ERCOT performed simulations of two long-term transmission study scenarios with differing proportions of renewables (20 GW and 50 GW). In each scenario 22 representative days covering different times of the year were selected for the study. In two cases modeled (Figures 3A and 3B), ERCOT calculated a need for more resources capable of responding to net-load changes very quickly.

The modeled output from the 20 GW of wind case behaved similarly to current operations, with high intermittent resource contribution during early hours of spring and fall days. However, in the 50-GW study, even peak hours in the summer became troublesome. This result was due to increased share of wind generation being projected in the south and coastal parts of Texas, where wind and load generation patterns are well correlated. That lead to an increased share of load served by intermittent generation and elevated net-load variability during summer peak hours.

Need for Speed

The results were both informative and expected. As net-load ramps increase with higher proportions of interconnected wind, more resources capable of providing power on a zero-to-five minute basis are needed. The most challenging hours are those with intermittent resources serving a high percentage of load. These hours will have less conventional generation online capable to support system frequency. This scenario is largely the case today in current operations with high intermittent contribution during early hours of spring and fall days.

Figure 4 illustrates the ancillary services requirements for the studied scenarios. The ancillary service requirements from 2012 were included in the table for reference. For 20 GW of wind generation, an additional 800 MW of capacity capable of deployment in the zero-to-five minute range is needed to achieve comparable balancing to current frequency maintenance performance standards.

Figure 4 - Reserves Requirements For Simulations Of 20 Gw And 50 Gw Of Wind And Historical Operations

This same need for more zero-to-five minute product increased to 1,300 MW for the 50 GW of wind scenario. Without these additional reserves, CPS1 over a year is below ERCOT's NERC requirement, while the addition of the reserves allows ERCOT to bring CPS1 score up to 165 percent, similar to current CPS1 performance.

The need for a 30-minute (potentially off-line resource) remained unchanged for both scenarios when compared to the initial KERMIT run. Total ancillary service capacity increased from 3,650 MW to 4,450 MW and 4,950 MW in the 20 GW and 50 GW studies, respectively. While the installed intermittent resource base increased 400 percent in the 50-GW study scenario, the amount of additional ancillary services increased only 50 percent. However, the need for a new, more flexible ancillary service product was evident.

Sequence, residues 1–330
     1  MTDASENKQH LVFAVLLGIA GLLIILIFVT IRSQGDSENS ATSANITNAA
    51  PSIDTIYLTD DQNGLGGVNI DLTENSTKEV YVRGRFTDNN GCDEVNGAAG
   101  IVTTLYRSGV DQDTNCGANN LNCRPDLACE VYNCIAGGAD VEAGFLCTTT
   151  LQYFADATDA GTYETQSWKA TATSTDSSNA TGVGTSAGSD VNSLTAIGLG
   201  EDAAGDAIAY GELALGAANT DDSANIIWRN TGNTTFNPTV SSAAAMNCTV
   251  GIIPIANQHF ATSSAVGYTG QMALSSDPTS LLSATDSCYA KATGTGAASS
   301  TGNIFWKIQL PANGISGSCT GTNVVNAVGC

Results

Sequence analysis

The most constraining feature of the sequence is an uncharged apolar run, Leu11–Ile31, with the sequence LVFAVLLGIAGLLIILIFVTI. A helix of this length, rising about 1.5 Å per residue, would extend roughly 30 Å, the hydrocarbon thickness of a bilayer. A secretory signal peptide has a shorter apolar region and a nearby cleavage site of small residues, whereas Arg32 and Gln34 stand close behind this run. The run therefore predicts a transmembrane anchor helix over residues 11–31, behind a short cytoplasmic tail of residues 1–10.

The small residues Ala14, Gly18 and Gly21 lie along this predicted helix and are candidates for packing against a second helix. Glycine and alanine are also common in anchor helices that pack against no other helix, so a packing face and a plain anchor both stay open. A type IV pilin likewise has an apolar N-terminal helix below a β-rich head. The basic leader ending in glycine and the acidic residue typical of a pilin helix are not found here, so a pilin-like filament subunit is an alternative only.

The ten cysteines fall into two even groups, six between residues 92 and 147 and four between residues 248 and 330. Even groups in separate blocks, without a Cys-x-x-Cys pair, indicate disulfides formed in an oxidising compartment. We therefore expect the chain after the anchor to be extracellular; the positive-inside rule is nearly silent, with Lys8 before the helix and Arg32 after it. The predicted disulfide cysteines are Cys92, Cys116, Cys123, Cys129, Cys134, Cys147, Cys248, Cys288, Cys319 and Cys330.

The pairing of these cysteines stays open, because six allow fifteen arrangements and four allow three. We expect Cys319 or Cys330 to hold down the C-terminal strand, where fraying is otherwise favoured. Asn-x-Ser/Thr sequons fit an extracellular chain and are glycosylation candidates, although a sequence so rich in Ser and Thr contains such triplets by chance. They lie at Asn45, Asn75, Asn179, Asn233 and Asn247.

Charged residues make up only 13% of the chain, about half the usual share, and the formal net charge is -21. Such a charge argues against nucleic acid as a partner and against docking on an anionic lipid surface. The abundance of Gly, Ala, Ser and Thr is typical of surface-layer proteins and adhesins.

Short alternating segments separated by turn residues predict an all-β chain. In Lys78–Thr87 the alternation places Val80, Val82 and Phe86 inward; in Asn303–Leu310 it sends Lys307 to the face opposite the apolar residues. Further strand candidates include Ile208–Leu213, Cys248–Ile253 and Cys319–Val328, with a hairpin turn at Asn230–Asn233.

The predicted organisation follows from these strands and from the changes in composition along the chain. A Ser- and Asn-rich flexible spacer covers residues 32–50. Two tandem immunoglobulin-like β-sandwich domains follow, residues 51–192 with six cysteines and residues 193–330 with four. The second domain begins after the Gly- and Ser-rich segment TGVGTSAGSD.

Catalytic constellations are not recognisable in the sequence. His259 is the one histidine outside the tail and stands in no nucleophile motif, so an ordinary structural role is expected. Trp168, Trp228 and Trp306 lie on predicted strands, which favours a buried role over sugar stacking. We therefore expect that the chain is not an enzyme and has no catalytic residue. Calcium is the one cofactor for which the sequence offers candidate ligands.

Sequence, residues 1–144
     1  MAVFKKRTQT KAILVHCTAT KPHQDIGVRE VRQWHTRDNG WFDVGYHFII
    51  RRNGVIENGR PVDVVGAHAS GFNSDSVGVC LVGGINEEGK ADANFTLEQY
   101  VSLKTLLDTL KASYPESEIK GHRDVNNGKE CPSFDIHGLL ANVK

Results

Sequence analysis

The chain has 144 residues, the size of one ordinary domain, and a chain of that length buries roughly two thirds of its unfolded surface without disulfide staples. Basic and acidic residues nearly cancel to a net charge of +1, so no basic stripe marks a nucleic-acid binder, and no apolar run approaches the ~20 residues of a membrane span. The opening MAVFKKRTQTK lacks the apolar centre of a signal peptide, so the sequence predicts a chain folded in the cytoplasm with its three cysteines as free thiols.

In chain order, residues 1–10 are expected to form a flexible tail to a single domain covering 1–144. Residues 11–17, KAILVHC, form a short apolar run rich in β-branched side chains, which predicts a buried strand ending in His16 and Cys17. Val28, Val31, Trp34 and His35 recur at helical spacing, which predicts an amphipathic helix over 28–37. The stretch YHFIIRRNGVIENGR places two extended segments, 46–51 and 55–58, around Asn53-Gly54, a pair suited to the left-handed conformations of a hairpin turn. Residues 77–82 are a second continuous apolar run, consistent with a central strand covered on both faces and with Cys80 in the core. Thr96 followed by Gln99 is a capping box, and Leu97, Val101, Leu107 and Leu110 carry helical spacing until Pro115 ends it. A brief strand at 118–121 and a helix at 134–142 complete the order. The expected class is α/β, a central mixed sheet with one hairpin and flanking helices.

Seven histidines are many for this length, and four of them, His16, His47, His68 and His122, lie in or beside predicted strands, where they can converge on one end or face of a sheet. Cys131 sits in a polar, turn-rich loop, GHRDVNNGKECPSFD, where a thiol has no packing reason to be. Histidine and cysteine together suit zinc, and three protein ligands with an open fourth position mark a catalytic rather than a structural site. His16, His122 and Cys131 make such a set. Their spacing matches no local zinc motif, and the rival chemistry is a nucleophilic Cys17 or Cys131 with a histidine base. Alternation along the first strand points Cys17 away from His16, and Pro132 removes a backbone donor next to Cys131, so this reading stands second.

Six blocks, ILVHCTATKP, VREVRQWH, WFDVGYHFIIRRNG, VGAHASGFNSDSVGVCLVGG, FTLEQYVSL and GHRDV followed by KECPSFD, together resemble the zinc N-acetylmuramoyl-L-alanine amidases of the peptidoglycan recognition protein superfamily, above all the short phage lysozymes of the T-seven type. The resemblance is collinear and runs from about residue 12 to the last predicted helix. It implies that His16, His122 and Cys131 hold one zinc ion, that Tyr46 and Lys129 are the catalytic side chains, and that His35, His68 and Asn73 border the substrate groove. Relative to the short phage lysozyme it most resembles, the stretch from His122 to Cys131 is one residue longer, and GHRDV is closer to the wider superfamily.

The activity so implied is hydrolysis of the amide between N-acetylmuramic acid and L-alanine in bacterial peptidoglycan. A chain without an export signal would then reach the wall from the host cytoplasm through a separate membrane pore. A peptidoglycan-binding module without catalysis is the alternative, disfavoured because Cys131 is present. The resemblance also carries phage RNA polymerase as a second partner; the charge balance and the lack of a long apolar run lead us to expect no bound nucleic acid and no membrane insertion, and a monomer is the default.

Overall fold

Toward Higher Flexibility

The new five-minute product that is projected to be needed in these scenarios does not correspond to any particular technology or currently existing market product. For example, our software solution assumed that any technology that can start up and deploy within five minutes' notice (e.g., batteries, thermal/traditional resources, demand response resources, etc.) may provide this service in the real-time market SCED deployment. While there is no existing market product for resources that can dispatch to full load within five minutes, ERCOT has assumed that should the need arise in the next 20 years, that emerging or existing market technologies would provide a market-based solution. Alternatively, this need could be addressed by increasing capacity procured for existing Regulation Service.

One of the advantages of the software model is its ability to evaluate combinations of capabilities and operating characteristics to satisfy ancillary service needs. This flexibility permits the study of possible resource characteristics different than those associated with existing technologies.

The assessment of ancillary service adequacy, thus far, solely identified viable ancillary service portfolios to accompany varying levels of wind integration and did not forecast how the price and availability of ancillary services may change with increased demand and deployment of ancillary resources. For example, ERCOT routinely procures interruptible loads, quick start and slower resources to support current levels of intermittent resource integration. However, it is not clear if some of these resources, e.g., interruptible loads and quick starts, will be still be willing to provide the ancillary services should the frequency of the deployment increase.

Reserve Decisions: Looking Ahead

Depending on the additional reserve requirement, the economics for the future resource expansion scenarios may change and the generation mix should then be revised - which in turn may affect the entire long-term transmission study. For the studied scenarios, the amount of additional reserves needed was not large enough to affect the generation build.

ERCOT's reserve adequacy assessment is still a work-in-progress. Future work will include an impact analysis of rare events such as large net-load ramps/forecast errors and wind generation drop out due to storms. ERCOT also wants to identify any additional reserves based on currently available technologies (conventional quick-start peaker units, demand response and storage) and what they might cost to remain in compliance with the CPS1 score.